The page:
Something else: I had not been a resident of my boarding house for even three months when I suddenly noticed one morning that there were no loose branches laying about the outhouse when previously there had been sticks aplenty. Spring was fading into summer. The flora and fauna populations of Jeju were exploding with vigor and vitality. The outhouse was also abuzz (if you catch my drift). Meanwhile the harlot’s web (even if aloft for a short time) would grew heavy with flies, moths, crickets and such. The bushes and trees already hugged, and now began to drape over, both outhouse paths. So why were there no sticks lying about? Something was up.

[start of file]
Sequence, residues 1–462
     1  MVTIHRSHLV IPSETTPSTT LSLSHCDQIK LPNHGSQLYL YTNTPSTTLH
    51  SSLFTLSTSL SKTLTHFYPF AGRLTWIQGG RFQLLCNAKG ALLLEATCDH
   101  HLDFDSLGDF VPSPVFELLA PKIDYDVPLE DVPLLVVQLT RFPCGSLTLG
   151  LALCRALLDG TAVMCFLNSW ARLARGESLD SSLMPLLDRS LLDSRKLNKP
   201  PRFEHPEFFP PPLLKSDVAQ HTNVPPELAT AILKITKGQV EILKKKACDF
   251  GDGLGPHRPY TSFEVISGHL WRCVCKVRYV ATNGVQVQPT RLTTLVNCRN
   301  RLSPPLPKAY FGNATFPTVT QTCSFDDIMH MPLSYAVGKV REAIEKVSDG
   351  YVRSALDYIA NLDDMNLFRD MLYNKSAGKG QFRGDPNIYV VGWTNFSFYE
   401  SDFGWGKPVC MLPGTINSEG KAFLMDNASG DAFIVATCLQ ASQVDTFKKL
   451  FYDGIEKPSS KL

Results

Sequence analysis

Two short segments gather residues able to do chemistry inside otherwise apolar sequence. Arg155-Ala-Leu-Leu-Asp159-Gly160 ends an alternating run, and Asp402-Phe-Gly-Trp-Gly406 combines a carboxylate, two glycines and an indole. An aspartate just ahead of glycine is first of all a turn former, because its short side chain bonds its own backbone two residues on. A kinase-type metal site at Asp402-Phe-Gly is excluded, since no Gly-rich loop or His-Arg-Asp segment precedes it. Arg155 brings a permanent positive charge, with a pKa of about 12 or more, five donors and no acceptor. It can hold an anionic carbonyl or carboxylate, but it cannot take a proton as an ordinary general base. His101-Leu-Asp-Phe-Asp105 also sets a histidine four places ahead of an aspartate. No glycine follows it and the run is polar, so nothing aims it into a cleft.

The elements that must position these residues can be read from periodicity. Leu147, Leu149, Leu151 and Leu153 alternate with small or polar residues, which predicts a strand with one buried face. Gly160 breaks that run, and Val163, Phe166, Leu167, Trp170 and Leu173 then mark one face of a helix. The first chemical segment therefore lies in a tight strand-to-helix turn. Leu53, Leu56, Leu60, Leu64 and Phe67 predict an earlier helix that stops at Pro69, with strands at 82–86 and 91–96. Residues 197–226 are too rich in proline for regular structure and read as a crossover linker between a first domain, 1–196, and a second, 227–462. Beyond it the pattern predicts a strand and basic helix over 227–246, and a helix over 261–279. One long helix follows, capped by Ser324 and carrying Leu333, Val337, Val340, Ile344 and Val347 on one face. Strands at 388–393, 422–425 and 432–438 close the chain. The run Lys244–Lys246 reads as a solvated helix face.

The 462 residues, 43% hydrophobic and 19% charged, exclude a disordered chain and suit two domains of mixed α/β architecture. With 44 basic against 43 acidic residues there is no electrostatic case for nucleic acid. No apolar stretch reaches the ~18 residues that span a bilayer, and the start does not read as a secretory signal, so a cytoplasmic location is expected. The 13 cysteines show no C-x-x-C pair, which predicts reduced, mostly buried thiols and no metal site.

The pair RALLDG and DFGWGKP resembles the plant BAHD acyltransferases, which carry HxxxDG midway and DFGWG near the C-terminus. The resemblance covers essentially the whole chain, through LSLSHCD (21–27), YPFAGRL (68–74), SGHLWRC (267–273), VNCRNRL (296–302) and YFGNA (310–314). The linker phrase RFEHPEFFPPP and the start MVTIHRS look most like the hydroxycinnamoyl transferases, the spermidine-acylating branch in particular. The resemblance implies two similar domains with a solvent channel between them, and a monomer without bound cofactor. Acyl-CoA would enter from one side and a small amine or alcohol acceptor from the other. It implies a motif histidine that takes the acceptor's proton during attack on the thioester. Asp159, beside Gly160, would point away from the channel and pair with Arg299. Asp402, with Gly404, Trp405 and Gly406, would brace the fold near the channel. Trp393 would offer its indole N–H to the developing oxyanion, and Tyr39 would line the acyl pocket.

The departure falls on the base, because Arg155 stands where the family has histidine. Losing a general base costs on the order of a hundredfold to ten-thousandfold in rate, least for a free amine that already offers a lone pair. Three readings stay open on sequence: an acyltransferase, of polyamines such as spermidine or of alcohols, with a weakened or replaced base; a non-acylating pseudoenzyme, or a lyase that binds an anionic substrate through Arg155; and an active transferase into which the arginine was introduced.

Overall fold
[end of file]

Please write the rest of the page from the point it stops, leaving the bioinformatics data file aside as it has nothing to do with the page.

My first thought was to attribute fantastic agency and intelligence to my adversary, the orb weaver, who had in fact grown remarkably larger in size since our first encounter. I had been asking around about the peculiarities and habits of her sort and discovered that, for one, she is prone to eating her dismantled webs (not to mention eating her little husbands!). Ingesting so much protein is necessary for her to amass the energy and materials to spin more prolifically and elaborately day after day. This would explain why my harlot spider had taken on girth and extended her reach in such a short time since my arrival. She was a good three inches across by June. The more I barged through her web the bigger she grew.